After personal tragedy, Laurice Hachem joins booming development picture in Benton County

by Paul Gatling ([email protected]) 7,694 views 

By Wesley Hitt: Laurice Hachem moved to Rogers last year and has already made an impression in the commercial real estate market.

It’s a cold November morning, and real estate investor-turned-developer Laurice Hachem is walking through her new office space inside Hunt Tower, the 10-story high-rise in the maturing Pinnacle Hills area off Interstate 49 in Rogers.

A long boardroom table and a few other pieces of furniture arrived for Hachem only a day earlier, and she is just beginning to transform the bare space into a functioning office for her company, SLH Property Management & Services Inc.

There is also another transformation Hachem is managing — her own. At one time a semi-celebrity in Florida as a successful real estate investor and philanthropist, Hachem moved to Northwest Arkansas in the summer of 2017, a little more than a year following the death of her husband, Sam.

Her initial commercial real estate investment in the region was not a small one. In April, she paid $27 million in cash to acquire the two-building office/retail development known as Country Club Plaza — as well as an adjacent undeveloped lot — all near the front gate of Pinnacle Country Club in Rogers, the embodiment of upscale residential addresses in Northwest Arkansas.

Hachem has since spent millions more on two small businesses and various other residential and commercial properties in the region. It includes additional land around Country Club Plaza to create a “superblock” of Hachem-owned property, with additional development of her own in the pipeline.

Her investments also include 55 acres west of the entrance to the gated Shadow Valley neighborhood in Rogers. It puts Hachem in an advantageous position, considering a road extension is planned to run through the property, connecting West Pleasant Grove Road to Arkansas Highway 112 in Cave Springs.

Hachem has also made philanthropic contributions to a handful of organizations. A seven-figure gift is helping Fayetteville-based organization Arkansas Athletes Outreach build a Benton County branch on Pleasant Grove Road in Rogers. Financial support for the U.S. Marshals Museum in Fort Smith is also forthcoming. It continues a pattern by the Hachem family of giving in several states to a variety of causes including healthcare, law enforcement and youth education.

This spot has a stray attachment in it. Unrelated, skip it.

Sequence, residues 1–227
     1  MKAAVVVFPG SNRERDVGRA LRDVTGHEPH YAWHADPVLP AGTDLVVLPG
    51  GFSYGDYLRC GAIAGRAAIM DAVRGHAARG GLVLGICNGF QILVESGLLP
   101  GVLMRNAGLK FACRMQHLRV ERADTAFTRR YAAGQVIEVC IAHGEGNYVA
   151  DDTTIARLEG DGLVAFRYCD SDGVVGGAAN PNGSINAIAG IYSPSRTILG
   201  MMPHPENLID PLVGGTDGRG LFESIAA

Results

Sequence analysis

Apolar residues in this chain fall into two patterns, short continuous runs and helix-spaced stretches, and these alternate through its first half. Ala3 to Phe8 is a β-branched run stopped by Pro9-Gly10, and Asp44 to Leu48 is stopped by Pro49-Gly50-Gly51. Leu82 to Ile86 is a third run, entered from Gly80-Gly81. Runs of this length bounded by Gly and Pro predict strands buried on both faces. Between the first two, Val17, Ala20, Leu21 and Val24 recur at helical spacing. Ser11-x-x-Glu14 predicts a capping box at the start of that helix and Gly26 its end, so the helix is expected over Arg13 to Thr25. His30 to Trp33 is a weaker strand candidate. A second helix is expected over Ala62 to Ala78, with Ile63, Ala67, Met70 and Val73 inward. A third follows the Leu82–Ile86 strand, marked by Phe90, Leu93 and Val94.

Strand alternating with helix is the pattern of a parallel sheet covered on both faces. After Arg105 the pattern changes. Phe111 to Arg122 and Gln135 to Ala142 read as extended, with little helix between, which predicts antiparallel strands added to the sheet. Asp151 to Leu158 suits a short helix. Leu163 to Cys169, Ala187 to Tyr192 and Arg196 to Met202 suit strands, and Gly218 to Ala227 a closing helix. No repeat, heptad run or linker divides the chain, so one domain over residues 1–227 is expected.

Though she still maintains a residence in Tampa — not to mention a sizable investment portfolio of roughly 500,000 square feet of office and retail space — Hachem’s business moves in Northwest Arkansas indicate an interest in becoming a player in the region’s booming commercial real estate market.

It will be a role she is familiar with — with one exception. Gone from her side is her husband, whose death largely precipitated her move to Northwest Arkansas.

“That bookshelf is not right and will be sent back,” Hachem said, motioning toward the furniture while giving a walkthrough tour of her new office space.

It is a small example, but it is one of many decisions Hachem will make during the course of a day. They are the kinds of choices, big and small, that for more than 35 years were shared with her husband. They formed a dynamic Florida power couple known for their success in commercial real estate investments and for their charitable giving. They owned shopping centers, office buildings and apartment complexes.

On March 31, 2016, however, Sam Hachem died in Tampa, where the couple lived for most of their lives since meeting in 1981 in California and marrying in 1988 in Las Vegas. Hachem was 80, and his cause of death was from complications of a progressive brain disorder known as Lewy body dementia.

To say the two were close would be an understatement. In a recent interview, Hachem brought a framed photo of her and her husband to the meeting and sat it on the table.

“When you think of a couple together and a business partnership, their relationship is what everyone would dream it would be,” said Mechelle Meredith-Ehardt, Laurice Hachem’s daughter from a previous marriage. She works for her mom’s company as a vice president and also lives in Rogers with her husband, Bobby. “She was the brains, and he was the brawn. They were inseparable.”

In the months that followed her husband’s death, Hachem said she struggled. And bought more real estate. But it became apparent to the California-born Hachem that she couldn’t stay in Tampa any longer.

“Everything there was Sam,” she recalled.

Santa Fe, N.M., might be an ideal spot to relocate and start life without her late husband, Hachem thought. But it was Bobby Ehardt who initiated the research that first put Northwest Arkansas on his mother-in-law’s radar. With a political bent that has always leaned Republican, Hachem joked that her first thought of living in Arkansas was not immediately intriguing.

“All I thought of when I hear ‘Arkansas’ was the Clintons,” she said.

The family’s research, though, continued to turn up Northwest Arkansas’ accolades from several national publications as being among the best and safest places in the U.S. to live and work. It wasn’t long before Hachem and her daughter boarded an airplane and set out sight unseen for a fact-finding visit to the region in June 2017.

They stayed in Northwest Arkansas for 10 days, and as is often the case with unsuspecting visitors, Northwest Arkansas made a strong impression. Before leaving, Hachem spent nearly $3 million to buy two homes in Rogers — one for her and another for her daughter and son-in-law.